Editor's note: The following feature is an exclusive to ESPNOutdoors.com.
CHANDLER, Ariz. Through his years as a defensive lineman at Arizona State University and with the Green Bay Packers, Shawn Patterson has grown accustomed to seeing things on a grand scale.
Big stadiums, big crowds, big offensive lineman and the challenge of winning big games.
But last fall Patterson found himself staring down his biggest challenge, yet the chance to arrow a typical bull elk in northwestern Arizona that would rock the hunting world, if not the record books.
When the shot was loosed from his bow, the 41-year-old Patterson had done just that, harvesting a brute of a wapiti the likes of which no other bowhunter has ever tagged.
The Patterson bull, a clean 7x7 typical, has been given 60-day entry scores of 423 6/8 inches gross and 414 0/8 inches net.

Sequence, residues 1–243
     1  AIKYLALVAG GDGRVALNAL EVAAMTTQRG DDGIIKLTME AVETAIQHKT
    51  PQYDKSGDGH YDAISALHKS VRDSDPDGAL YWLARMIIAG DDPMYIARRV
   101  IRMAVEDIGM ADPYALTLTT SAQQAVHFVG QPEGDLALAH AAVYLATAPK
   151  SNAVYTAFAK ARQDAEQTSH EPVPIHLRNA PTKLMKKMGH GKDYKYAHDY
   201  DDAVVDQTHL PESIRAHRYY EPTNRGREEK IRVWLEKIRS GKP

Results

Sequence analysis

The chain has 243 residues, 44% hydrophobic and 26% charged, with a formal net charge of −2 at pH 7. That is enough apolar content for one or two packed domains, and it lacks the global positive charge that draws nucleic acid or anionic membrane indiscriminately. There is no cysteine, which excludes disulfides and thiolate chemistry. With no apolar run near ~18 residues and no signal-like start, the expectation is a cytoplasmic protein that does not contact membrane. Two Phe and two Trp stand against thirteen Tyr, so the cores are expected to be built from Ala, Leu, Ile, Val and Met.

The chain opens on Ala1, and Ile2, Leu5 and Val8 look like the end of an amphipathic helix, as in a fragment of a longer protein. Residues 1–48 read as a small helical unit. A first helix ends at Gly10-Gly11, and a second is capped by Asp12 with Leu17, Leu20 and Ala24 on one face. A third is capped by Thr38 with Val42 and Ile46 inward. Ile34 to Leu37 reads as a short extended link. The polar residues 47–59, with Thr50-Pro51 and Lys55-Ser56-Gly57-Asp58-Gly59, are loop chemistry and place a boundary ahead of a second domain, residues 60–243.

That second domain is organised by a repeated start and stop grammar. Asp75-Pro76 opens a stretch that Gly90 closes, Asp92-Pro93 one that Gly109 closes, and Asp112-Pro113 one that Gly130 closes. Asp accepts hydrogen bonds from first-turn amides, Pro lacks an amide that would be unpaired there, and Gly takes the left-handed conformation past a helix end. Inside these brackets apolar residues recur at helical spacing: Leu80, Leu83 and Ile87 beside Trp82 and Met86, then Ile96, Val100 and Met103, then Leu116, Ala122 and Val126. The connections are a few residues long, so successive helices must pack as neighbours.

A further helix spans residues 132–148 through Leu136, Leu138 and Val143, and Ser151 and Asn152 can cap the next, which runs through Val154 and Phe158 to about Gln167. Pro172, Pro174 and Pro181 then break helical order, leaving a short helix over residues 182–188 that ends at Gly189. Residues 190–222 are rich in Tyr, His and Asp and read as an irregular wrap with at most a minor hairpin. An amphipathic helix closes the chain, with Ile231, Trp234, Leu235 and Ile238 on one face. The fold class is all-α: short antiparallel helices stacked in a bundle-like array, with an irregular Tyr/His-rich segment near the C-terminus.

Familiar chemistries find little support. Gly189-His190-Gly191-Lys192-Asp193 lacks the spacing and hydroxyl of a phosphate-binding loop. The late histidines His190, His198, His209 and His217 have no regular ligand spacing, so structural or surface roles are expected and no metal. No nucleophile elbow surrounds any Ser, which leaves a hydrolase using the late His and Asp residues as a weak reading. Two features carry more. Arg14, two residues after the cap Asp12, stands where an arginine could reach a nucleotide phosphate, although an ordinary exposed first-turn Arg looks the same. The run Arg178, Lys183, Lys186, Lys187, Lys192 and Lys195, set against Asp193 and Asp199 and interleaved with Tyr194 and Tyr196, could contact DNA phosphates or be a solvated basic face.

Should that net score be upheld during panel scoring at the 2007 Pope & Young Club convention next April in Lancaster, Pa., the Patterson bull appears set to ascend to the wapiti throne by overtaking the current archery-elk standard a 409 2/8-inch Montana monster tagged by legendary bowhunter Chuck Adams in 2000.
Patterson, who played in Green Bay from 1988-93 and now builds homes while residing in Chandler, Ariz., said he still sports a big grin on his face after tagging the bull of a lifetime.
"I'm a deer in the headlights," he laughed. "When I think about it, my eyes glaze over, my mouth is wide open, and I think, 'Wow, what an incredible experience.'
"It never ceases to bring me to a place of total humility and awe to be able to harvest an animal like that."